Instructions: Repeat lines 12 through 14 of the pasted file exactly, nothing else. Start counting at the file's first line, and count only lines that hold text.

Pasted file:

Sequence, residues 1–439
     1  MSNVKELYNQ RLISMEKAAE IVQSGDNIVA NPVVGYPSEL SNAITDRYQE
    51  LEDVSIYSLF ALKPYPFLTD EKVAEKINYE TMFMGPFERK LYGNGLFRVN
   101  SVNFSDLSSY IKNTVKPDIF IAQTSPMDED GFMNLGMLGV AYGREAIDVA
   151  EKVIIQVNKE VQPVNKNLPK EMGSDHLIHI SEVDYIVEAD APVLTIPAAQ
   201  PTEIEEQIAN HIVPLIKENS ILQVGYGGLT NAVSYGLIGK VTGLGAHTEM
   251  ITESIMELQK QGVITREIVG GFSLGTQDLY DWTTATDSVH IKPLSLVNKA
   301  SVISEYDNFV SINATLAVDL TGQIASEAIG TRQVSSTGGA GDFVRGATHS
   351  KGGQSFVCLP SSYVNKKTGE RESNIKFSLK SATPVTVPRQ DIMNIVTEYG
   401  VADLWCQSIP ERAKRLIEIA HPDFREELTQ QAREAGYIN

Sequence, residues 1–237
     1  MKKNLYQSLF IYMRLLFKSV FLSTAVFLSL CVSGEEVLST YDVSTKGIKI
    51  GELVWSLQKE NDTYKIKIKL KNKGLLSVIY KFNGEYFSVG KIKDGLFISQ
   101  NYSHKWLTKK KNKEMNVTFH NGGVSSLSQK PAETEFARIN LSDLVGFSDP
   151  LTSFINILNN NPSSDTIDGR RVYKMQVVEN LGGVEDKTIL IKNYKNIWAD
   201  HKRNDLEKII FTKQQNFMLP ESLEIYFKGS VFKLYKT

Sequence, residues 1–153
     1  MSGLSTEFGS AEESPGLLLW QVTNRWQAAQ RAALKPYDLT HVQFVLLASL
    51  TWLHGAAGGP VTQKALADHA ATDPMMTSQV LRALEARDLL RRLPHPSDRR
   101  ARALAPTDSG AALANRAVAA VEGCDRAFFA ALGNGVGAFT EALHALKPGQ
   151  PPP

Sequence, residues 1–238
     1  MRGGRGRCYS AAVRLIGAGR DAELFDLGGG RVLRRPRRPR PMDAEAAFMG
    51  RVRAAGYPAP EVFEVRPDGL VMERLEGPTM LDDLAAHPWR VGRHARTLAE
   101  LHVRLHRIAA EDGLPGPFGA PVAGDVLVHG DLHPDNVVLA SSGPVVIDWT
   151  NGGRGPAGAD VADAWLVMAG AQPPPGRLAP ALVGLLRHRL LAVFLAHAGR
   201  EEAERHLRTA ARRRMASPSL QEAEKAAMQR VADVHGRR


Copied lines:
     1  MKKNLYQSLF IYMRLLFKSV FLSTAVFLSL CVSGEEVLST YDVSTKGIKI
    51  GELVWSLQKE NDTYKIKIKL KNKGLLSVIY KFNGEYFSVG KIKDGLFISQ
   101  NYSHKWLTKK KNKEMNVTFH NGGVSSLSQK PAETEFARIN LSDLVGFSDP